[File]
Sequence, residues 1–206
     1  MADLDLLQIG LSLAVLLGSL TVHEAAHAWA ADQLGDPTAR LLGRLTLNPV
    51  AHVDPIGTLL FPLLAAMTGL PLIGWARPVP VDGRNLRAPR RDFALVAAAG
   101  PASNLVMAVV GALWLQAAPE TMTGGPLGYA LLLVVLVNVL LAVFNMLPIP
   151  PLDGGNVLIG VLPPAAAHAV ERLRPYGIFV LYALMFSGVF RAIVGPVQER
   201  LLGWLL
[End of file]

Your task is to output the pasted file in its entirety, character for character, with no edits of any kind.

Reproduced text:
Sequence, residues 1–206
     1  MADLDLLQIG LSLAVLLGSL TVHEAAHAWA ADQLGDPTAR LLGRLTLNPV
    51  AHVDPIGTLL FPLLAAMTGL PLIGWARPVP VDGRNLRAPR RDFALVAAAG
   101  PASNLVMAVV GALWLQAAPE TMTGGPLGYA LLLVVLVNVL LAVFNMLPIP
   151  PLDGGNVLIG VLPPAAAHAV ERLRPYGIFV LYALMFSGVF RAIVGPVQER
   201  LLGWLL